My second trip away was sailing coast-wise, and I got home more often. But these weren’t happy times. I can’t construct them all in an exact chronological order, but it seems every time we saw each other the gulf had widened. Soon after my first visit at home, Marilyn was photographed at her work by some Army photographers. One of them gave her a letter of introduction to a woman who owned a modeling agency at the Ambassador Hotel, and that started the ball rolling. She quit Radio Plane soon after and did nothing but modeling, and then moved from my parents’ home to her own apartment, which was part of Aunt Anna’s house.
One time when I was home I found a script for a screen test and asked her if she was gunning for a movie career. She denied it and said someone had given her the script as a curiosity.
The next time I was home she asked me to drive her to a studio where she had an appointment to make a screen test. I didn’t like the idea and said so. “Look,” I said. “There are a thousand and one girls walking the streets of Hollywood who can sing and dance and act. And you want to be a movie star!” I should have known then that if she’d set her mind on it, she’d do it. Anyway, I sat out in the car and waited for her, and pretty soon she came out, all in a huff. “You’re right,” she said. “They’re just a bunch of fresh guys.”
Once I wired her from Texas that I was coming cross country from the East and would be home at a certain time. She wasn’t there when I got to the apartment I waited more than an hour, and she finally drove up in the old Ford, which looked as though it had been driven through the Mississippi mud. She gave no excuse and I didn’t ask for any.
I knew she was modeling in Bikini bathing suits and pleaded with her not to do “Why not?” she said. “They pay me for it.”
She told me they wanted her to post nude but she wouldn’t do it. For one job she posed with nothing but a drape and when I objected, she pointed out that the one hundred dollars she’d been paid would buy a new motor for our car.
She was letting money slip through her fingers faster than ever. She’d never had much sense about money at Catalina. She used to use our food money to buy me a whole tin of my favorite cigars. It was a gesture out of the goodness of her head and I appreciated it, but I never could teach her the wisdom of saving money once I sent her, from the Orient, one hundred dollars to buy a coat for her Christmas gift. She took two hundred dollars more out of the bank for the coat. Other time she took every cent out of the account to go to West Virginia to visit the Goddards.
I was beginning to feel pretty helpless about the whole situation. I couldn’t control what she did while I was gone, I did put my foot down about the future. “All this business is fine, but when I out of service we’re going to have family. You can only have one career and a woman can’t be two places at Kids should have security and know the mother is home when they need her.”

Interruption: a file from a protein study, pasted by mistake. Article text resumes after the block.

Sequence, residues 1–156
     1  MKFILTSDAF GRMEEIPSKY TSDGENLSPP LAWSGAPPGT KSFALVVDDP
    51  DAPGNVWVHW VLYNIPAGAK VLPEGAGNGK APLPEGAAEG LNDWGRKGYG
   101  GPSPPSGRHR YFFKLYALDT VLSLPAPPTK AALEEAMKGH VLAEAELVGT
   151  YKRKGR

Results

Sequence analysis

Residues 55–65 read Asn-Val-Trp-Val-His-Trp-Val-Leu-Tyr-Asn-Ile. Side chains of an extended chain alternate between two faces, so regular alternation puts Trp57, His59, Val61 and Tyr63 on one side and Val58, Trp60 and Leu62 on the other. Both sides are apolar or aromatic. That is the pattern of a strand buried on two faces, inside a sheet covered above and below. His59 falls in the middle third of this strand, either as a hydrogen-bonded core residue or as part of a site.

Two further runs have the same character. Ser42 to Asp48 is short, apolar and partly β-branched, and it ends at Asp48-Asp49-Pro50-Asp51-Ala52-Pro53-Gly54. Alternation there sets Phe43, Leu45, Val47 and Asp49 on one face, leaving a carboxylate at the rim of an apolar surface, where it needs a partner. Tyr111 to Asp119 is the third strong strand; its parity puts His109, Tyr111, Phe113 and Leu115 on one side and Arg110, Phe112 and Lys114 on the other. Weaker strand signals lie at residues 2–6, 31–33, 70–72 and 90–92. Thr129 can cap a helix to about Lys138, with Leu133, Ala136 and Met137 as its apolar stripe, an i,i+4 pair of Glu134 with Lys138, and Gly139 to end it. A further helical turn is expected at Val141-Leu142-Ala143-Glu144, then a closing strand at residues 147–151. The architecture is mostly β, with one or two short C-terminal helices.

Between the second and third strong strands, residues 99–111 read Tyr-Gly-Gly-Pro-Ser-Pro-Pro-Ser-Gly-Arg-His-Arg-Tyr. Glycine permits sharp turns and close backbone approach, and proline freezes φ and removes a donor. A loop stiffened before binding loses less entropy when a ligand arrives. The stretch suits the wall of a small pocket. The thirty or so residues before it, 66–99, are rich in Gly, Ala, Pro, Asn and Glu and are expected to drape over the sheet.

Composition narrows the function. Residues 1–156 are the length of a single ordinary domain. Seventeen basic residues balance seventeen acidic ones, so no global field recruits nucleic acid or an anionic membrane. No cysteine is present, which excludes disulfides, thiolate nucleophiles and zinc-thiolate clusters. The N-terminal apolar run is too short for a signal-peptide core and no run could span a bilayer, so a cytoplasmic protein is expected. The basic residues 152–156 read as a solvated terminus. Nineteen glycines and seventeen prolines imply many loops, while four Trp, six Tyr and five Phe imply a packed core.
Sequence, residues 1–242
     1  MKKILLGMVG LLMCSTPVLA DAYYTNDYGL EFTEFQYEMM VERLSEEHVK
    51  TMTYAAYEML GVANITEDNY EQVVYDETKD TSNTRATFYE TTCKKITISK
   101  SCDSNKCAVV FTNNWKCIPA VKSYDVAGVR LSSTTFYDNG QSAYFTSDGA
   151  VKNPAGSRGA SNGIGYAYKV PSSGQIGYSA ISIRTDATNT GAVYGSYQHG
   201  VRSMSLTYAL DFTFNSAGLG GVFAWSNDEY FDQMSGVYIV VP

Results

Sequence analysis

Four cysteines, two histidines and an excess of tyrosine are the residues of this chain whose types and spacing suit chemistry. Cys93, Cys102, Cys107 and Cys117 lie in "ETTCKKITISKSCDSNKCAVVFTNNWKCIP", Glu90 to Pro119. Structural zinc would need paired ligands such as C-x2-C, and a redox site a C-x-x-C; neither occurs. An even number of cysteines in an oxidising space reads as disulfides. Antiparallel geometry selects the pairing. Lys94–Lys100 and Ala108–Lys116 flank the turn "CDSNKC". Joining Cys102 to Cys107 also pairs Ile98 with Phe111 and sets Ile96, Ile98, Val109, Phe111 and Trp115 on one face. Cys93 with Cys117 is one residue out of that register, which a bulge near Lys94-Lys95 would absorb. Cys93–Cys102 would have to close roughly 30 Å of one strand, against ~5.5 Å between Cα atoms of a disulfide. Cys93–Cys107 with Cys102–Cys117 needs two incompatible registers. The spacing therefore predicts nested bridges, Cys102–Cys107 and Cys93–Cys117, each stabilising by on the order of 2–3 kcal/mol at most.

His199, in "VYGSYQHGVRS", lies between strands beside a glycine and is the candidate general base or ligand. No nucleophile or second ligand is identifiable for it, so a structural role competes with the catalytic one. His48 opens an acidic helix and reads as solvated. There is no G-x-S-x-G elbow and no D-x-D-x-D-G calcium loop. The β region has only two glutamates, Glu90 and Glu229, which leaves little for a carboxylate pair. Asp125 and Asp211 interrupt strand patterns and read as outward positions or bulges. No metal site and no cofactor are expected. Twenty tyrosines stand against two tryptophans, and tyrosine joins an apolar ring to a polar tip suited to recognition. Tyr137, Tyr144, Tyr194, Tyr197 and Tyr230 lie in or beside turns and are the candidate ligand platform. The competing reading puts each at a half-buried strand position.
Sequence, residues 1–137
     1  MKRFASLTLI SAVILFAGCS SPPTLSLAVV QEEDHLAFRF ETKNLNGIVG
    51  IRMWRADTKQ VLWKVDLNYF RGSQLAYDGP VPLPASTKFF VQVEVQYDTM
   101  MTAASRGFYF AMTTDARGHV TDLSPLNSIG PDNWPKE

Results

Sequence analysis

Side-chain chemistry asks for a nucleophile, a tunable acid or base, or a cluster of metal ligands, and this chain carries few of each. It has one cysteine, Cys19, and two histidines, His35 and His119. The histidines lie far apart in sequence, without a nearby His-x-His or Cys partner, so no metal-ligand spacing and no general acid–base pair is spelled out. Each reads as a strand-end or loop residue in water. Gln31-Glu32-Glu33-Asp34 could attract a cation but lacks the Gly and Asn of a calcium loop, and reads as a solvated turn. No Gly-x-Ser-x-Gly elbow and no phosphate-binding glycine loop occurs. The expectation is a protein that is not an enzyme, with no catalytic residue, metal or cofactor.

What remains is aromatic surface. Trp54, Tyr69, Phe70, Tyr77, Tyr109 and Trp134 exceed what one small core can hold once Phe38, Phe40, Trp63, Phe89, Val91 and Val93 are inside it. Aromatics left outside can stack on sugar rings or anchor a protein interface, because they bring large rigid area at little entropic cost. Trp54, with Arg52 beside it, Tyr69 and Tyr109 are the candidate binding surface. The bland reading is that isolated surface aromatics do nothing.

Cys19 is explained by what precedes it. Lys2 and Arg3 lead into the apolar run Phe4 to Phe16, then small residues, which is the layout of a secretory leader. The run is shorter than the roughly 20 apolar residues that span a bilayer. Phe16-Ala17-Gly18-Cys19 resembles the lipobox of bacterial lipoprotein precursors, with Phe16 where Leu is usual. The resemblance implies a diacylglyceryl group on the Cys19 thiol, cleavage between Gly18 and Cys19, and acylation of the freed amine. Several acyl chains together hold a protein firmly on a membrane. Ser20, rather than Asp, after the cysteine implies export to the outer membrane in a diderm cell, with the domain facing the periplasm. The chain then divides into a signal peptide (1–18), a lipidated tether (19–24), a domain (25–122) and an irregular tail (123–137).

I was wasting my breath. She thought she had security in our marriage but now there was the modeling game the glamour that went with it: visions a movie contract were dancing in her head. To Marilyn, it all seemed a better security than marriage. For my part, I had known she was young but thought I knew what she wanted out of life and that I could handle the situation. But I hadn’t known at all what she wanted, and I wasn’t handling anything.
The worst blow came when I arrived home after a trip and she told me she was leaving town with a photographer. They were going up into the mountains to take some pictures, she said, and business was business. She was sorry, but she wouldn’t be at home.
The next time I got off the ship I had a pretty decent leave. It was in November, and when my leave was up I signed back on the ship so that I could be home for Christmas. I worked on board during the day and went home at night. Two nights before I was due to sail again, she wouldn’t have anything to do with me. She said she had to go over to this photographer’s house to see some pictures. And when I objected, she said once more, rather flatly, that she had to go see those pictures.
I went back to my ship and slept on board the ship that night.
The next day while I was working in the forecastle one of my shipmates stuck his head through the door. “Hey, Jim—your wife’s on the dock!”
When I went down to see her she was as attentive as though nothing had happened. “Were you going to leave without saying goodbye?” she said.
“It didn’t seem as though you cared,” I said. “You had to see those pictures, so I figured I might as well go back to sea.”
We patched it up—we almost had to, it was my last night before going out on my longest trip yet, a trip that was to take me around the world in more ways than one. We spent that night together and the next day I shoved off.